Who is a Speech-Language Pathologist?
Speech-language pathologists (sometimes called speech therapists) assess, diagnose, treat, and help to prevent communication and swallowing disorders in children and adults. Speech, language, and swallowing disorders result from a variety of causes, such as a stroke, brain injury, hearing loss, developmental delay, Parkinson’s disease, a cleft palate, or autism spectrum disorders.

What does Speech-Language Pathologist do?

  • Screen and assess skills in the areas of speech sound articulation, receptive and expressive language, swallowing and hearing and recommend services if needed
  • Educate clients, parents, families and other professionals about speech, language and swallowing
  • Evaluate and assess for assistive technology when an individual does not have the ability to verbally communicate
  • Work with doctors, teachers and other professionals to help people with communication and swallowing deficits
  • Research ways to improve an individual’s communication and swallowing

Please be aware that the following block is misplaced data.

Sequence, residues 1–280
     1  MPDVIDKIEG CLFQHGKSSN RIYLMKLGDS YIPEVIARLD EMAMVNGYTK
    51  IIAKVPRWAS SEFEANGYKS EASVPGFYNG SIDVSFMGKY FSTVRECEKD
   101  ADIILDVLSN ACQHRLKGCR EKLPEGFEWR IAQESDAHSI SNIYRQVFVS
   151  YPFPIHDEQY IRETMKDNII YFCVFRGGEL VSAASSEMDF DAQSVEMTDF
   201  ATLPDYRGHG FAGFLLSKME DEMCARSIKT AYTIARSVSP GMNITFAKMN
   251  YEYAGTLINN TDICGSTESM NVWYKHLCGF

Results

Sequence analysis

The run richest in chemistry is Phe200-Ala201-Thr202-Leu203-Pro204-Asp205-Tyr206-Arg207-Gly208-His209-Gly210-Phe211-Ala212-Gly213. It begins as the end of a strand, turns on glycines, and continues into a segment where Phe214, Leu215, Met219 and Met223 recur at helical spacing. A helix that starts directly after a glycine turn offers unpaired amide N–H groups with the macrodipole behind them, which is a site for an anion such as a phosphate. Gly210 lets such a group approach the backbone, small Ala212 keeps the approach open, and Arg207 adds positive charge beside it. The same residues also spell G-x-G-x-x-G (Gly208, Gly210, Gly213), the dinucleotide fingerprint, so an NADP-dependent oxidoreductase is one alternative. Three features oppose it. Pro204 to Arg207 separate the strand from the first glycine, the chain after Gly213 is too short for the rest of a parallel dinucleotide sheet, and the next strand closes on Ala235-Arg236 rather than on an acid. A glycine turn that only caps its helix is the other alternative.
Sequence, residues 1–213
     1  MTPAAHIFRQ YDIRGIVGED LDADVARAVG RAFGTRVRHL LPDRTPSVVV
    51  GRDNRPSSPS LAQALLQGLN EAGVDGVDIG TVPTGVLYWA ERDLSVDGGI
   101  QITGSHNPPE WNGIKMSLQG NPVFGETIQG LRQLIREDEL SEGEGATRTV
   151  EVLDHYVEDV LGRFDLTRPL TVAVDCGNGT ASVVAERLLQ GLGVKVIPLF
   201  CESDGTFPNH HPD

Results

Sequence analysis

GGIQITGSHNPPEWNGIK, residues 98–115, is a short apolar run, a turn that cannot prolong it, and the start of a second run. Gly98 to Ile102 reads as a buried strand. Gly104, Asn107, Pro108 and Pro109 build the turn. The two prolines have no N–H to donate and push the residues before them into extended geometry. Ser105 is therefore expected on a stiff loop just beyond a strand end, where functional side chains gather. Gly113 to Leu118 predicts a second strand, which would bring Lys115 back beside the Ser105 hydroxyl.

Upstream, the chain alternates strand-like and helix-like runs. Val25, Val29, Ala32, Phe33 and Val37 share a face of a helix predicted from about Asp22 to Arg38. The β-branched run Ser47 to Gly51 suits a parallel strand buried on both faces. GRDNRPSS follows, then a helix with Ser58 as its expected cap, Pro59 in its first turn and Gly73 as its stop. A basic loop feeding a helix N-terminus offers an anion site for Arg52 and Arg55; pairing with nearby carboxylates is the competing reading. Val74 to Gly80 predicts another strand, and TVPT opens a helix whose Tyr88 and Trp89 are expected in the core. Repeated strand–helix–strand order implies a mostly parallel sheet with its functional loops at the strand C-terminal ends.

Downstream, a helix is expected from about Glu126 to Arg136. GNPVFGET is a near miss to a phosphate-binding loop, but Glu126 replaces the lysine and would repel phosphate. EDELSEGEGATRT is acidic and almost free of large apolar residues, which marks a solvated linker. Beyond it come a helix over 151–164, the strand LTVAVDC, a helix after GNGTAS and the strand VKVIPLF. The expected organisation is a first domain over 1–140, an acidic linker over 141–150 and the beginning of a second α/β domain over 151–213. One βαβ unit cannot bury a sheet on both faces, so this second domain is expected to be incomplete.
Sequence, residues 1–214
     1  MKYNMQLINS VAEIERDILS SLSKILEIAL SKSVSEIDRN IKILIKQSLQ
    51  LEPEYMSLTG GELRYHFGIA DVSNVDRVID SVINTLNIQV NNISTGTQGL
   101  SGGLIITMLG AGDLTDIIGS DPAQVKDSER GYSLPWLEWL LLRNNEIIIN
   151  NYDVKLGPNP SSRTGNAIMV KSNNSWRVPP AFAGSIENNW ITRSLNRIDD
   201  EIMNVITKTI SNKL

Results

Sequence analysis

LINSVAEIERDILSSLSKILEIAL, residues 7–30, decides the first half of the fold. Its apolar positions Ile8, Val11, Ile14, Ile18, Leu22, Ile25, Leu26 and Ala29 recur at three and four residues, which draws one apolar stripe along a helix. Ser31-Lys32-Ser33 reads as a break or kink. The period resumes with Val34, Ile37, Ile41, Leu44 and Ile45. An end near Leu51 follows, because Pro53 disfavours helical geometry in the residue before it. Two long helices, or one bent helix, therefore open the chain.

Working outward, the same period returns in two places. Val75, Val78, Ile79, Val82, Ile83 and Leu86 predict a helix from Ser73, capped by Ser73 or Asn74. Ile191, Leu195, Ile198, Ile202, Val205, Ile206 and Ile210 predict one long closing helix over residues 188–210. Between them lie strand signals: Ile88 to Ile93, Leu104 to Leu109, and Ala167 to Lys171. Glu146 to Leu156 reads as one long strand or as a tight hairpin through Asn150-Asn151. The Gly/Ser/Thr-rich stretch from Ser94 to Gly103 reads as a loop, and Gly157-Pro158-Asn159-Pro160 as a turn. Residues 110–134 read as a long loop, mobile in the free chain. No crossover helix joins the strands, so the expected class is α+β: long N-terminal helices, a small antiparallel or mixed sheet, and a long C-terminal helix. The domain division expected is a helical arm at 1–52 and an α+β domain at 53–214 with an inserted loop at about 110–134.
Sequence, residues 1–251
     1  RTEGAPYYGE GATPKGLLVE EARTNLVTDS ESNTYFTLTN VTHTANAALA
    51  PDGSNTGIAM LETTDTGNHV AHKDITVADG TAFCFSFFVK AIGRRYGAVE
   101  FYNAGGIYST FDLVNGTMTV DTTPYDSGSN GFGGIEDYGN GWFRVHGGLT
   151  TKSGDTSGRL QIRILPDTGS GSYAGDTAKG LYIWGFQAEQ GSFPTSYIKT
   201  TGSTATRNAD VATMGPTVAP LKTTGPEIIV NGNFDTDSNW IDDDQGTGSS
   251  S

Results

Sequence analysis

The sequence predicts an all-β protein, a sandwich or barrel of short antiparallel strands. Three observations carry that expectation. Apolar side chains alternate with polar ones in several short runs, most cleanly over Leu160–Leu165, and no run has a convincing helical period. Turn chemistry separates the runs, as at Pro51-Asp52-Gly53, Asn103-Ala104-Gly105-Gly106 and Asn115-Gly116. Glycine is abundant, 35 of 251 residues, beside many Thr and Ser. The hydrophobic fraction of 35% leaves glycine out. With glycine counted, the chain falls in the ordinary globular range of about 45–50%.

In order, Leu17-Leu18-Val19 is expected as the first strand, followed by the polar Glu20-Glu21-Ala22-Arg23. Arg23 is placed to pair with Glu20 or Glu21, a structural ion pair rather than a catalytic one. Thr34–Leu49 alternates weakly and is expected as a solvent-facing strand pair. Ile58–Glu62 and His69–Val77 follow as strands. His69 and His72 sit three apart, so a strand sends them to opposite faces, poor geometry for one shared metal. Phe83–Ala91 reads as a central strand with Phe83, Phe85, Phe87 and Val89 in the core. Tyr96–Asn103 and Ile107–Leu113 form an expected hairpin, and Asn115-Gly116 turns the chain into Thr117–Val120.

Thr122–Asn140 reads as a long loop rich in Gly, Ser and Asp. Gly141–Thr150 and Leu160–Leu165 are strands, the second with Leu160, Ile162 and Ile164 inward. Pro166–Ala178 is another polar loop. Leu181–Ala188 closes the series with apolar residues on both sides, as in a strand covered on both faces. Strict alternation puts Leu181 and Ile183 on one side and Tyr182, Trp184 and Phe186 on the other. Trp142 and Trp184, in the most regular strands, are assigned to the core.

• Counsel patients, parents, families and other professionals about speech, language and swallowing
  • Supervise and train students studying to become Speech-Language Pathologists

Requirements for Licensing

  • A master’s or doctoral degree
  • Obtain a passing score on the National certification exam
  • Earn 10 hours of continuing education annually
  • 400 clinical hours and 9 months of supervised experience

[icon name="map-marker" class="" unprefixed_class=""] 4815 W Markham, Slot 72
Little Rock, AR 72205

[icon name="phone" class="" unprefixed_class=""] (501) 537-9151


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